Ready, Set, Read!

 Kim Willis

Growing Independence and Fluency



Rationale:   For a child to read smoothly they ought to be able to read faster and more efficiently than when they first started.  When decoding words becomes automatic and effortless, reading becomes a much more enjoyable experience.  The way to accomplish an enjoyable reading experience is for the child to read and reread decodable words in a connected text.  The more work that is done with a particular piece of text, the more efficient the text becomes to them.  This lesson will help children read more efficiently. 

Materials:  Whiteboard with the sentence “The car has four wheels and the school bus has six.”  written on it, individual pieces of paper with the sentence (My little brother likes to eat ice cream) written on it, a piece of cardboard with a column drawn on it for each student, a small cutout of a jogger, one stopwatch for every two children, several different books of different reading levels (i.e Stellaluna by Janell Cannon), and pencils.

1. Lets begin by talking about how important it is for readers to read both quickly and efficiently.  Not only do our words sound better when we read this way, but it also helps us to make more sense of what we are reading.  This means that the stories are more interesting and fun to read, and less of a chore or a stressful endeavor.  The first thing we should do is use the cover-up technique.  Remember when we practiced this?  Write sratch on the board.  If I saw this word I would cover up everything but the a, like so (cover the scr and tch). I know that a=/a/. Now look at what comes before the vowel, scr=/scr/. Blend them together to get /scr/ /a/. Now look at the end of the word- tch=/ch/. Put it all together and you have /scr/ /a/ /ch/.  Whenever you see an unfamiliar word, use the cover up method to try to decode it.  I am going to read a sentence one time through just like a beginning reader would and then I am going to read it again like a really good reader would read it.  Listen closely to the difference.  “Th-e c-ar h-a-s f-ou-r- wh-ee-l-s a-n-d th-e sc-h-oo-l b-us h-a-s s-ix.”  That didn’t sound quite right did it?  It sounded too slow.  Now let me read it again.  Notice my speed this time. “The car has four wheels and the school bus has six.”  That sounds much faster and clearer.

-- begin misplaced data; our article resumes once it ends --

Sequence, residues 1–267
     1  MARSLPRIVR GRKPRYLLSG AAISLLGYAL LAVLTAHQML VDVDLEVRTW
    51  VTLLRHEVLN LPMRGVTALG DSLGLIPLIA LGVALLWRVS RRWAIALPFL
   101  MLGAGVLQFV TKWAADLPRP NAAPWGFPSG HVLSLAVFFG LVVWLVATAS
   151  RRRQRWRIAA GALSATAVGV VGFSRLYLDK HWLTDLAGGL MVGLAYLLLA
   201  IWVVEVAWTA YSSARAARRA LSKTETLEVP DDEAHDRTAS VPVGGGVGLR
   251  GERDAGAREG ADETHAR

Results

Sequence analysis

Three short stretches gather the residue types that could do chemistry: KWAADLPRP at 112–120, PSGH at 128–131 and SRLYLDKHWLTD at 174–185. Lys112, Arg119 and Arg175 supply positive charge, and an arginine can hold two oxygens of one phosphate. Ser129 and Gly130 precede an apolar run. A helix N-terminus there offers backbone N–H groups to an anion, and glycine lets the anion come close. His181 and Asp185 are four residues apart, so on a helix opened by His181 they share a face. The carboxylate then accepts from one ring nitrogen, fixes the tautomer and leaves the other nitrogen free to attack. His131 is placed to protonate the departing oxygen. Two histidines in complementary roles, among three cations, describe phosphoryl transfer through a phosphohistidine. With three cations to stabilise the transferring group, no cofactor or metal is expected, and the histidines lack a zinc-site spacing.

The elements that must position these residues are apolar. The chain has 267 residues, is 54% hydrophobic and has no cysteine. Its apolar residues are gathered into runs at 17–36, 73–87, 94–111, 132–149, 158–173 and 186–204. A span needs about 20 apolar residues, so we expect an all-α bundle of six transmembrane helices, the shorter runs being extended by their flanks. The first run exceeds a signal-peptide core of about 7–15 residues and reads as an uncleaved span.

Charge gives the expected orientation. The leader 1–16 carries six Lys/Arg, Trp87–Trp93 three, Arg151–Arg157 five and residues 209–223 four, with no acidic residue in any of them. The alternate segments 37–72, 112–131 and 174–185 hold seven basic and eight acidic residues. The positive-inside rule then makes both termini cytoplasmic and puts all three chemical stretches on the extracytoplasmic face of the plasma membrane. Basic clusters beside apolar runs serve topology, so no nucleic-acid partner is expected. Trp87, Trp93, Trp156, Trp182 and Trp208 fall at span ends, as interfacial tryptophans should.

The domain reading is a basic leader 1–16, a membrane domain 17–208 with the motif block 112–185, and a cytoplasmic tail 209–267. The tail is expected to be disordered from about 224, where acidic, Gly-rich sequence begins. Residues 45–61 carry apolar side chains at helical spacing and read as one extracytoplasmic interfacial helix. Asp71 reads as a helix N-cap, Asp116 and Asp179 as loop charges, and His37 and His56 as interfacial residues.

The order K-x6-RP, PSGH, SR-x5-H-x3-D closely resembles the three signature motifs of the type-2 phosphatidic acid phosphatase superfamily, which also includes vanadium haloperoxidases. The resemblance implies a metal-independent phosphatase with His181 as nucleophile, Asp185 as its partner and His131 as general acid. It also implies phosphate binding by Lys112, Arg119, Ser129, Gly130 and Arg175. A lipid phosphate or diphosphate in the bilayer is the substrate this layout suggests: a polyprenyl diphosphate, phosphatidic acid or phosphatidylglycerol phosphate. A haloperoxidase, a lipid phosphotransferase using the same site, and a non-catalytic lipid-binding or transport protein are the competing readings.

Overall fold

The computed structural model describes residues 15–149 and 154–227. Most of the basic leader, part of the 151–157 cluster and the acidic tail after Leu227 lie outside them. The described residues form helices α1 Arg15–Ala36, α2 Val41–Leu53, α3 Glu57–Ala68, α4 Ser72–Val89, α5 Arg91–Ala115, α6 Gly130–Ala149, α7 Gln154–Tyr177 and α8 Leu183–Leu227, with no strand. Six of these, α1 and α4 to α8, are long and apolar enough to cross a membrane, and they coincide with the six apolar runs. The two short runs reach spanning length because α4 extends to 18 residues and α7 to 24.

2. Now get into groups of two.  I am going to give you each a sentence to work with (My little brother likes to eat ice cream).   I want you to read the sentence through for the first time out loud to each other.  Listen to the way that it sounds the first time that you read it. Then read the sentence silently to yourself at least five times.   Reading the sentence repeatedly will help you with your speed.  Then I want you to read the sentence again out loud to your partner.  Notice how different it sounds.  What improved?  Did it sound better when you read it fast or slow? 

3.  I am going to give each group a book to read.  While one of you reads the book the other one is going to be the timer.  You will be timed for one minute.  Read as many words as you can.  I will be walking around to help you.  We are going to do this several times so that you can become a faster and more efficient reader!

4. After one minute is up you will count how many words you read and place your jogger on that number on the track.  Then you will switch and your partner will do the same thing.  Before you start again, make a mark with your pencil on your track on the first number of words that you read so that we can see how much faster you are getting.  After a couple of times reading the book, your runner will get farther and farther on the track!

 Assessment:  I will assess the students by looking at their progress chart.  They will mark on the track where they began and where they ended and turn it in to me for evaluation. 

Practicing Smarter Not Harder is Best by: Leslie S. O’Neal

The Reading Race by Brandi Shirley

Cannon, Janell.  Stellaluna.  Scholastic Book, 1993.

Ready, Set ,Read by Christi Stewart

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